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Abraham Lincoln to Simeon Ryder, 16 February 18441
Mr Simeon Ryder:2
Yours of the 14th Inst is received.3 The decree taken against Stringer at the last term of our court was not a final, but only an interlocutory decree–4 The substance of it is, that Stringer pay to you on or before the first day of the next term, your debt & interest, and that Stringer should have ten days to file an answer, to enable him to contest the claim of Mitchells heirs, and the cause continued– Stringer's ten days have long since expired long ago, and he has filed no answer– At next court, I suppose a decree will rendered, ordering the sale of the property to pay your debt, subject to the claim of Mitchell's heirs–
No objection Injunction has been obtained in the case–5
Yours &c.[etc.]A. Lincoln
[endorsement]
03/13/1844
ansd[answered] March 13d & letter sent by strong6

<Page 2>
[docketing]
02/16/1844
A. Lincoln
Springfield Feb[February] 16th 44
1Abraham Lincoln wrote and signed the letter. Simeon Ryder wrote the endorsement. The docketing was written by a separate person.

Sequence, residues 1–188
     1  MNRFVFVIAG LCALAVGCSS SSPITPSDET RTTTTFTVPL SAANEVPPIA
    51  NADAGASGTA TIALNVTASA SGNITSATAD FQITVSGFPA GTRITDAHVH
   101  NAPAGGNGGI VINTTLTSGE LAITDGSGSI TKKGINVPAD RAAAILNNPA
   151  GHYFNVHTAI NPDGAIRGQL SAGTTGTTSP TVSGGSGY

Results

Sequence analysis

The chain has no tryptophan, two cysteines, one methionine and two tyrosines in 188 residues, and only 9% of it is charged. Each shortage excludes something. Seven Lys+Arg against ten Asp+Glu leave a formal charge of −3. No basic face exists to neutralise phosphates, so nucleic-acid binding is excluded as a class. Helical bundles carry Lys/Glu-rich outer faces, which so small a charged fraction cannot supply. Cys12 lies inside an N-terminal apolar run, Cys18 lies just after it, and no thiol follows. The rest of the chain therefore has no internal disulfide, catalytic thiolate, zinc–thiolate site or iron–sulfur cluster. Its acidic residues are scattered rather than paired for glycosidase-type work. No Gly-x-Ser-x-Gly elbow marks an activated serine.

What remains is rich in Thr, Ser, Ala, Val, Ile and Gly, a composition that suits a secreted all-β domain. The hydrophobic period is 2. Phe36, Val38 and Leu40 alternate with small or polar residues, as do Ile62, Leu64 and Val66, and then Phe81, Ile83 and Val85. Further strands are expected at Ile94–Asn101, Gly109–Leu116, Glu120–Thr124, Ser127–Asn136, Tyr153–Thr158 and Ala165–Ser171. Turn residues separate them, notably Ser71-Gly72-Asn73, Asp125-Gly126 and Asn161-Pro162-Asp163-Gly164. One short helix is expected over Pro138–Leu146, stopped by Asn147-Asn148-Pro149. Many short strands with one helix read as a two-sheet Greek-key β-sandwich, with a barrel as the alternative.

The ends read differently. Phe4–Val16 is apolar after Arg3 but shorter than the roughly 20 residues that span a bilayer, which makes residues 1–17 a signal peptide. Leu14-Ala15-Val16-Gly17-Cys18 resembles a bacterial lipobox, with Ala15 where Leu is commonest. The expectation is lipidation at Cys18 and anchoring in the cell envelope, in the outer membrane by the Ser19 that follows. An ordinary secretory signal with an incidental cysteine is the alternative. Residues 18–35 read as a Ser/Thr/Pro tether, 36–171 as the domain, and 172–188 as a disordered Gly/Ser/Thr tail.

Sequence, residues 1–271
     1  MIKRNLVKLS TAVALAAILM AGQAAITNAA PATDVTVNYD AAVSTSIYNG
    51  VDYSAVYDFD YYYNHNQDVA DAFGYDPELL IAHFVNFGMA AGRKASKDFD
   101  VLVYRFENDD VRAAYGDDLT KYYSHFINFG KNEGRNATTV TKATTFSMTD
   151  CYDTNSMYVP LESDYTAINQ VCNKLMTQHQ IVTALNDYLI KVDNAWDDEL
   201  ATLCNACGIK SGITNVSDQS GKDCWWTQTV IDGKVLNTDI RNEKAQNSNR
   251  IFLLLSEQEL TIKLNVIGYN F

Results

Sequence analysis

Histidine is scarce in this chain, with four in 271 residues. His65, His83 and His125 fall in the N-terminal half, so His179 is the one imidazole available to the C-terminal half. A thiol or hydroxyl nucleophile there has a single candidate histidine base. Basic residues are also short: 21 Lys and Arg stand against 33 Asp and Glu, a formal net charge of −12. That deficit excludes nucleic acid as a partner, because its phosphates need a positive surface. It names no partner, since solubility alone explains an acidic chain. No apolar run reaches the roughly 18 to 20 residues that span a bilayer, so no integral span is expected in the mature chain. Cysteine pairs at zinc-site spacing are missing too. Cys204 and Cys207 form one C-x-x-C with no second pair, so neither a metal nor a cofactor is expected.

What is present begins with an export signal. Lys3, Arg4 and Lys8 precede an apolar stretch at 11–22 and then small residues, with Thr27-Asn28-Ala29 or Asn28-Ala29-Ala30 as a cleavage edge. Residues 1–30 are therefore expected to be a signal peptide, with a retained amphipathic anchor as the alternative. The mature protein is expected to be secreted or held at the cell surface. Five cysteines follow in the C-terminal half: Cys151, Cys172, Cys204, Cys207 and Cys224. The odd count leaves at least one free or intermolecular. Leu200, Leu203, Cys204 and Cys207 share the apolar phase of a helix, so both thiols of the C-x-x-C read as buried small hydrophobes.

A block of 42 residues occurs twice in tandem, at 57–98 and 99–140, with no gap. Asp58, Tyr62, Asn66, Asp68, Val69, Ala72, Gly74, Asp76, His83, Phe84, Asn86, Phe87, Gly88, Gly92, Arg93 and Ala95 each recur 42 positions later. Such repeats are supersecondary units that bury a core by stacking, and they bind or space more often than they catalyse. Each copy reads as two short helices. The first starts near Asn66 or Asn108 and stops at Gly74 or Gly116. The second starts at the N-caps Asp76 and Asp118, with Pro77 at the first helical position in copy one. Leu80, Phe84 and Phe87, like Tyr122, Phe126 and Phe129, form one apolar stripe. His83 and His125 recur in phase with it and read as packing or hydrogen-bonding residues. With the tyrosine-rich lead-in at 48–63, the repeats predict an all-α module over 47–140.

2Daniel Stringer owed Ryder $300. Edward Mitchell secured the debt with a bond for a city lot in Springfield, Illinois. Mitchell died before the debt was discharged, and Ryder retained Stuart & Lincoln and sued Stringer and Mitchell’s heirs to obtain a deed to the land.
Ryder v. Stringer et al., Martha L. Benner and Cullom Davis et al., eds., The Law Practice of Abraham Lincoln: Complete Documentary Edition, 2d edition (Springfield: Illinois Historic Preservation Agency, 2009), http://www.lawpracticeofabrahamlincoln.org/Details.aspx?case=139917.
3Ryder’s February 14, 1844 letter to Lincoln has not been located.
4An interlocutory decree is a provisional decree in a legal case; not the final decision. The decree to which Lincoln refers was handed down by the court on November 30, 1843. It ordered that Stringer pay $300 with interest at seven percent. The court also gave Stringer an opportunity to answer the charges, which he failed to do.
Henry Campbell Black, Black’s Law Dictionary, 5th ed. (St. Paul, MN: West, 1979), 731; Decree, 30 November 1843, Ryder v. Stringer et al., Martha L. Benner and Cullom Davis et al., eds., The Law Practice of Abraham Lincoln: Complete Documentary Edition, http://www.lawpracticeofabrahamlincoln.org/Details.aspx?case=139917.
5The court ordered the master in chancery to sell the lot in order to pay Stringer’s debts. In November 1844, Stringer’s minor children sued for an injunction to stop the sale, claiming that they rightfully owned the land. The court ordered the injunction.
Bill for Injunction, 20 November 1844; Decree, 20 November 1844, Ryder v. Stringer et al., Martha L. Benner and Cullom Davis et al., eds., The Law Practice of Abraham Lincoln: Complete Documentary Edition, http://www.lawpracticeofabrahamlincoln.org/Details.aspx?case=139917.
6“Strong” likely refers to Springfield attorney Schuyler Strong.

Autograph Letter Signed, 2 page(s), Hayner Memorial Library (Alton, IL), .